Here’s what Publishers Weekly had to say about Dogs of Summer: “Abreu’s emotionally resonant debut charts the tumultuous friendship between two 10-year-old girls over the course of the summer of 2005 in the Canary Islands. The unnamed narrator is fascinated by her brazen and enigmatic friend, Isora, the granddaughter of Chela, an abusive matriarch who manages the neighborhood minimarket and cares for Isora after her mother’s suicide. Isora calls the shots in the friendship and nicknames the narrator ‘Shit.’ In potent, stream-of-consciousness prose, Abreu details the girls’ long summer days spent in each other’s presence: the afternoons dedicated to memorizing the lyrics of Aventura songs, dipping their toes in the canal and imagining they’re at San Marcos beach, and the timid narrator eating burnt cake just so Isora may watch her after the latter is forced into a diet by the overcritical Chela. (Isora also develops an eating disorder.) Along the way, Abreu ingeniously picks apart the submissive narrator’s conflicting feelings of resentment, admiration, and sexual curiosity, and reveals the way these emotions quickly turn devastating once a traumatic assault changes the power dynamics upon which the girls’ friendship is based. Abreu’s exhilarating chronicle of a young friendship is not to be missed.”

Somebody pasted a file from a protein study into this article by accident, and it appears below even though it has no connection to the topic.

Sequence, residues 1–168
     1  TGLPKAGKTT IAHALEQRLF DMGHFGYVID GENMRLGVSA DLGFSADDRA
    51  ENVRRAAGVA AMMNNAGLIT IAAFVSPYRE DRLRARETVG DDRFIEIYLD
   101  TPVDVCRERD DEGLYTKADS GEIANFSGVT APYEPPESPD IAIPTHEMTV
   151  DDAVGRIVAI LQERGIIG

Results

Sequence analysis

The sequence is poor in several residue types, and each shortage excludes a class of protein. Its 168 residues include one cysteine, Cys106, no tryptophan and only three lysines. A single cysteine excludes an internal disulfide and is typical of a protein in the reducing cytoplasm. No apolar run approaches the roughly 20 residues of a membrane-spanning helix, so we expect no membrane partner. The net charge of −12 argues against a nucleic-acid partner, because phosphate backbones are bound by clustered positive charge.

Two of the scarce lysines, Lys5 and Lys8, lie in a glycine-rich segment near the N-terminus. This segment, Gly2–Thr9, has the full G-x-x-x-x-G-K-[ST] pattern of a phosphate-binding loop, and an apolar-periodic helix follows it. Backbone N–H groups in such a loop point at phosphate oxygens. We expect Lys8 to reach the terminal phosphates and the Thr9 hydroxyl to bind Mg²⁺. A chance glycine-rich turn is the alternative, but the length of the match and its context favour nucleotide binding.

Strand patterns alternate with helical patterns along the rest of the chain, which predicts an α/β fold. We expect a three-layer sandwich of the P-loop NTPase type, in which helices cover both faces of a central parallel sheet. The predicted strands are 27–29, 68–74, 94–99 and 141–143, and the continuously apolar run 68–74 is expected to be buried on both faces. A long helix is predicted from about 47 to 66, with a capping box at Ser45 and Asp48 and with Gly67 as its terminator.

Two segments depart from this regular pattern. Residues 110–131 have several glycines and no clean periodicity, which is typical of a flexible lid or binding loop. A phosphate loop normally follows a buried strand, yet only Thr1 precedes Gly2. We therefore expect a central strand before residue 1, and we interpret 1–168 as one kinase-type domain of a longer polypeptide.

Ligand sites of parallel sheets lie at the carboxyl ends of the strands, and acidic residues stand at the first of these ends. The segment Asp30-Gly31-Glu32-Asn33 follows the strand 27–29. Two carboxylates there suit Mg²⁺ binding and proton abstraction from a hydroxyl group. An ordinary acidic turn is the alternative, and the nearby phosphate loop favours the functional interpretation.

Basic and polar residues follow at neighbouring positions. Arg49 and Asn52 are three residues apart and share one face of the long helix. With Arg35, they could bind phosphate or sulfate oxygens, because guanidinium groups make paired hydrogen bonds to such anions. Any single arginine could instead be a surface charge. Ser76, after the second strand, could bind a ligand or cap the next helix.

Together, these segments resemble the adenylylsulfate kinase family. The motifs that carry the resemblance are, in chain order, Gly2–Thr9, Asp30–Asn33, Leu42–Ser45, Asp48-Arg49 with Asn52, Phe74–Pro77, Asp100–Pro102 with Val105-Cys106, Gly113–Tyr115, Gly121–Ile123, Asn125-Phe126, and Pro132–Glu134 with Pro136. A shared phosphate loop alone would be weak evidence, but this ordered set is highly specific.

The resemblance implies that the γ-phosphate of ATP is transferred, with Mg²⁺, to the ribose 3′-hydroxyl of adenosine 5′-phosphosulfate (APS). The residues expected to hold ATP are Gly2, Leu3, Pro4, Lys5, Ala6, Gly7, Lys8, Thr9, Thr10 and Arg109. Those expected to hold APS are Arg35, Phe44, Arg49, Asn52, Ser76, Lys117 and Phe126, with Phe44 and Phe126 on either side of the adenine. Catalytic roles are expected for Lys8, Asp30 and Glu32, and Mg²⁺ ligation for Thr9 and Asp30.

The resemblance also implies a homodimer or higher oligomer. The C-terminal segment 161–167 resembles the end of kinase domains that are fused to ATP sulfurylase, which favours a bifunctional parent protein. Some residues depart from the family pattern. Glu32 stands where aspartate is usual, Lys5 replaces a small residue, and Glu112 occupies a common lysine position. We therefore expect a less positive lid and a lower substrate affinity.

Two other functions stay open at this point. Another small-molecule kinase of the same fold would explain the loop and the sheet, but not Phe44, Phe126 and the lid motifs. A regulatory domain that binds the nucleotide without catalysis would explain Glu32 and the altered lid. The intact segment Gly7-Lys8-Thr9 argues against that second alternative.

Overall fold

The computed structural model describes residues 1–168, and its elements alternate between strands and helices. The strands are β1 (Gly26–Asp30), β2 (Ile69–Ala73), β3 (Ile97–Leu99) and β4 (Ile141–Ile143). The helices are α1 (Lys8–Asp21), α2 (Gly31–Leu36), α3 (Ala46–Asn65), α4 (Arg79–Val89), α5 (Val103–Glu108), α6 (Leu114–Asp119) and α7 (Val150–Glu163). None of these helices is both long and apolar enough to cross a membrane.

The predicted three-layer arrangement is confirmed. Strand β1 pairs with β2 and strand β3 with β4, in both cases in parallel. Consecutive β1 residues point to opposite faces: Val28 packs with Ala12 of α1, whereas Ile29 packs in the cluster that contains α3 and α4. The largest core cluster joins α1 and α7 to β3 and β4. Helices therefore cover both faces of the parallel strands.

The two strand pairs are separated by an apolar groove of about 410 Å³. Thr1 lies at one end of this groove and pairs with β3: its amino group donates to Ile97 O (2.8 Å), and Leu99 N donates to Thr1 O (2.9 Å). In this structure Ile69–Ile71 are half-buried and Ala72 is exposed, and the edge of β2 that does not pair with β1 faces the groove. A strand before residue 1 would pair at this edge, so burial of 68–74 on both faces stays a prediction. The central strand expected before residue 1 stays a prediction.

Properties of Thirst by Marianne Wiggins